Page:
One of the major challenges for management of visceral leishmaniasis (VL) is early diagnosis of cases to improve treatment outcome and reduce transmission. We have therefore investigated active case detection of VL with the help of accredited social health activists (ASHA). ASHAs are women who live in the community and receive performance-based incentives for overseeing maternal and other health-related issues in their village.
Methods and Principal Finding
Through conducting interviews with 400 randomly selected ASHAs from four primary health care centers (PHCs), it was observed that their level of knowledge about visceral leishmaniasis (VL) regarding transmission, diagnosis, and treatment was limited. The baseline data indicated that less than 10% of VL cases seeking treatment at the PHCs were referred by ASHAs. To increase the knowledge and the referral rate of VL cases by ASHAs, training sessions were carried out during the monthly ASHA meetings at their respective PHCs. Following a single training session, the referral rate increased from less than 10% to over 27% and the overall knowledge about VL substantially improved. It was not possible, however, to demonstrate that ASHA training reduced the time that individuals had fever before treatment at the PHC.
Visceral leishmaniasis (VL) is a potentially deadly parasitic disease that affects over 20,000 people in Bihar, India annually. Accredited social health activists (ASHA) are women who live in the community and render their services towards maternal and other health concerns in the villages where VL is endemic. One of the major problems is that VL cases remain in the village without seeking treatment and, during this period, continue to transmit the disease. To address this problem, we have investigated the possibility of training ASHAs to identify potential VL cases and to send them for treatment at the local primary health care centers (PHCs). We demonstrate that ASHA knowledge about VL increased significantly with training and this resulted in increased recruitment of patients for diagnosis and treatment to the local PHCs. These observations demonstrate that training of ASHAs should be conducted routinely to support the elimination of VL.
Citation: Das VNR, Pandey RN, Pandey K, Singh V, Kumar V, Matlashewski G, et al. (2014) Impact of ASHA Training on Active Case Detection of Visceral Leishmaniasis in Bihar, India. PLoS Negl Trop Dis 8(5): e2774. https://doi.org/10.1371/journal.pntd.0002774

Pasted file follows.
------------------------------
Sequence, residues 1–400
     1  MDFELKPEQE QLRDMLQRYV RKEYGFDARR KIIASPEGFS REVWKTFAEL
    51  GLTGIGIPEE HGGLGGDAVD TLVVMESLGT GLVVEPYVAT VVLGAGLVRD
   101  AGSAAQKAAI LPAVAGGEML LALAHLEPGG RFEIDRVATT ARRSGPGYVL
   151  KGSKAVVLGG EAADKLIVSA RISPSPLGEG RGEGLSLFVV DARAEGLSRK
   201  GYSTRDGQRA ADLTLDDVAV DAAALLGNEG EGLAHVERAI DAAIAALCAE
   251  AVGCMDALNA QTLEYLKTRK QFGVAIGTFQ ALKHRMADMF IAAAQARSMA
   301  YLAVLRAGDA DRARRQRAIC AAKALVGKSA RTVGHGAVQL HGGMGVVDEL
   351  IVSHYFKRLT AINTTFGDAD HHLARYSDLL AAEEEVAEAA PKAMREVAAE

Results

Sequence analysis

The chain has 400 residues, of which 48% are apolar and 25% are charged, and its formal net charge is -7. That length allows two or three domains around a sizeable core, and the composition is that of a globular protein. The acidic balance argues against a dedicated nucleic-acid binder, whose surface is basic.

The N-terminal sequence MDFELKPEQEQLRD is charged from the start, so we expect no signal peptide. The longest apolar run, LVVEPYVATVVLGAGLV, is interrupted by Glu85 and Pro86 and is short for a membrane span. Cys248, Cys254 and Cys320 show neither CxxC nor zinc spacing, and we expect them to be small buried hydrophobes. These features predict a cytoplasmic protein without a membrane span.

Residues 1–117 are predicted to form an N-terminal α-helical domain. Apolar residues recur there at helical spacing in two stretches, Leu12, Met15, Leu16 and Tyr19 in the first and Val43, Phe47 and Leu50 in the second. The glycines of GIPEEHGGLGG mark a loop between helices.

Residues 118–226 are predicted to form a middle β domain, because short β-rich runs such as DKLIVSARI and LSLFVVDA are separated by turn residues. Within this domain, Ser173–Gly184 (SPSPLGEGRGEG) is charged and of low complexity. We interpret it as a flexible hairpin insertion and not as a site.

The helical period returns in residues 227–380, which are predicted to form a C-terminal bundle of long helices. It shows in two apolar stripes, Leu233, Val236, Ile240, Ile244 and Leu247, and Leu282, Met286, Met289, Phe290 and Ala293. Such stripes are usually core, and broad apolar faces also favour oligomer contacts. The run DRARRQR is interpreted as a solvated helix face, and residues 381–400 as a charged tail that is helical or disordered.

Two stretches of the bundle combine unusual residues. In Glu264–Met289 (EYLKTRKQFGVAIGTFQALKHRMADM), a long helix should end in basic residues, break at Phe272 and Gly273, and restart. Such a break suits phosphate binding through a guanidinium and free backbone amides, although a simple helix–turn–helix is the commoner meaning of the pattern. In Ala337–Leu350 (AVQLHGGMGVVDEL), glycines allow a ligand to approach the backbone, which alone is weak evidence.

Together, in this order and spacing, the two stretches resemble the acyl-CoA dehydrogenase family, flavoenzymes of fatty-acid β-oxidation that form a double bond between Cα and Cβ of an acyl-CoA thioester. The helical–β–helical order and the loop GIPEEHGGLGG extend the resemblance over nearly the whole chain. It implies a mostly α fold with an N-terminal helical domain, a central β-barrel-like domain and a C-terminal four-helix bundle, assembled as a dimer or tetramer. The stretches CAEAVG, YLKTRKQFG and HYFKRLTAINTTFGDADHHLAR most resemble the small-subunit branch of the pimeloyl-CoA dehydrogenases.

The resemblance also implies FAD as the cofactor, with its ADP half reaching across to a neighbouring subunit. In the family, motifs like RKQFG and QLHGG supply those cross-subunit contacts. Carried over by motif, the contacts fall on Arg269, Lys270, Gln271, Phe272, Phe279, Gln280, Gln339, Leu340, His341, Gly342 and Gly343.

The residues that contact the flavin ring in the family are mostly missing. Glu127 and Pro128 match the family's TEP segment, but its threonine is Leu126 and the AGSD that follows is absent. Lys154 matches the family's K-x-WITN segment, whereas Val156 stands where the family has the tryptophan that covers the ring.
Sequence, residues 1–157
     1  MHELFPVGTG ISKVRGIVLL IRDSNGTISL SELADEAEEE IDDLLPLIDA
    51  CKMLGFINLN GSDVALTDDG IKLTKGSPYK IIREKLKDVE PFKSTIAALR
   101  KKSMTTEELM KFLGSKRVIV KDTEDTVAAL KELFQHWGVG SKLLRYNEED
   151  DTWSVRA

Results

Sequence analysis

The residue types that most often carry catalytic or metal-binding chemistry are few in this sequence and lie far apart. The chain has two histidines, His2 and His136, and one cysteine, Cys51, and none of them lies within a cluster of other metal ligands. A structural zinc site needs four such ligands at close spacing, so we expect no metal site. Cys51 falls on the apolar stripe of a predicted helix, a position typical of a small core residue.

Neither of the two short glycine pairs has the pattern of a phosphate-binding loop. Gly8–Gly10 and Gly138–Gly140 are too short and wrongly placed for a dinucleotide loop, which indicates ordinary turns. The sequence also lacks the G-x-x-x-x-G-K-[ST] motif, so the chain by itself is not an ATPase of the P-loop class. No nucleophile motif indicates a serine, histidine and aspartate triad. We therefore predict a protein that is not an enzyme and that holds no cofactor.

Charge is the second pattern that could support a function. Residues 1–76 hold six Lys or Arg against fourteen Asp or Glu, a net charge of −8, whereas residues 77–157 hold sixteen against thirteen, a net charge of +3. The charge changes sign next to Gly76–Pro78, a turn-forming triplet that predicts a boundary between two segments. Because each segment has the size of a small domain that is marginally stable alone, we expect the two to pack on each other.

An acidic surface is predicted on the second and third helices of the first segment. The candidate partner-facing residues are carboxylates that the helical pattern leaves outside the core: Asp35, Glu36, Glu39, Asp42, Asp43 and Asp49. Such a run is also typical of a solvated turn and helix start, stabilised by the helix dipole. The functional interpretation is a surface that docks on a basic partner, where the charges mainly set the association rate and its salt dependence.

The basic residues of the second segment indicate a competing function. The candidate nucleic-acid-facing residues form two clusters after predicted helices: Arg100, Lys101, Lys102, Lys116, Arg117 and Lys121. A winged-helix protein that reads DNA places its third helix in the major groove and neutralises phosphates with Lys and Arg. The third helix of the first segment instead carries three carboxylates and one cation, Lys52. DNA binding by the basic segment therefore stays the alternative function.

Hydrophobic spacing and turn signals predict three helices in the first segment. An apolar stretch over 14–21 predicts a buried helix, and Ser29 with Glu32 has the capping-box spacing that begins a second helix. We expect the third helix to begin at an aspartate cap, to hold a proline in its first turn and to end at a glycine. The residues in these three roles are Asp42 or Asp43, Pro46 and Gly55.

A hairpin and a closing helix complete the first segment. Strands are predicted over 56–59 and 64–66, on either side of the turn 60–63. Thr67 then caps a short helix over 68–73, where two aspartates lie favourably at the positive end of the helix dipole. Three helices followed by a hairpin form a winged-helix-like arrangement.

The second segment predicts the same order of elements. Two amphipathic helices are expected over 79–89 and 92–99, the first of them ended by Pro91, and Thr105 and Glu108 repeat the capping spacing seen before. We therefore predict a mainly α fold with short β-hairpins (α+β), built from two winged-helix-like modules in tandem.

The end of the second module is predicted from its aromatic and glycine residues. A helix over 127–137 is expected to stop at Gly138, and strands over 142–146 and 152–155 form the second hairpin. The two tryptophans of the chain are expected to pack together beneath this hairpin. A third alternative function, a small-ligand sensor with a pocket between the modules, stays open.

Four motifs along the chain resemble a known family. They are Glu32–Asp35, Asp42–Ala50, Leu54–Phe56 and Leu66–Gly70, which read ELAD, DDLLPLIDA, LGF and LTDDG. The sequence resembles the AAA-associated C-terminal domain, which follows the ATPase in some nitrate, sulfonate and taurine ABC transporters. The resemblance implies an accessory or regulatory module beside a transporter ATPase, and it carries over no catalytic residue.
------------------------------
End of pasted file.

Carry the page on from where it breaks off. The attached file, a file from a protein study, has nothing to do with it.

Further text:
Editor: Oladele B. Akogun, Common Heritage Foundation, Nigeria
Received: November 6, 2013; Accepted: February 19, 2014; Published: May 22, 2014
Copyright: © 2014 Das et al. This is an open-access article distributed under the terms of the Creative Commons Attribution License, which permits unrestricted use, distribution, and reproduction in any medium, provided the original author and source are credited.
Funding: This study was funded by Grand Challenges Canada (006-02-01-01). The funders had no role in study design, data collection and analysis, decision to publish, or preparation of the manuscript.
Competing interests: The authors have declared that no competing interests exist.
There are estimated 200,000 to 400,000 new cases of visceral leishmaniasis (VL), also known as kala-azar  every year worldwide. Bihar state in India contributes the majority of the disease burden of VL which is most prevalent in poorest populations , . The major risk factor for infection is living in the same household as someone with VL patients therefore it is important to identify and treat people as soon as possible , . Serological diagnosis with the rk39 rapid diagnostic test (RDT) can be performed on a single drop of blood on individuals with prolonged fever and splenomegaly , . Early diagnosis and complete treatment with new drugs such as oral miltefosine, paromomycin and liposomal amphotericin B used alone or in combination with each other can contribute to the elimination of VL –.
Notwithstanding how effective VL point of care the diagnosis and treatments are, VL will continue to be transmitted and remain embedded in the community if VL cases do not seek early treatment. Awareness remains a major challenge in the most endemic districts of Bihar when considering the scale of the problem which involves thousands of villages , . Conducting one day fever camps is an effective approach to identify VL cases in highly endemic villages but requires significant resources when performed on large scale , . We have therefore considered a different approach for case detection including enlisting the involvement of community health care workers, also known as accredited social health activists (ASHA) to help identify potential VL cases in the endemic villages.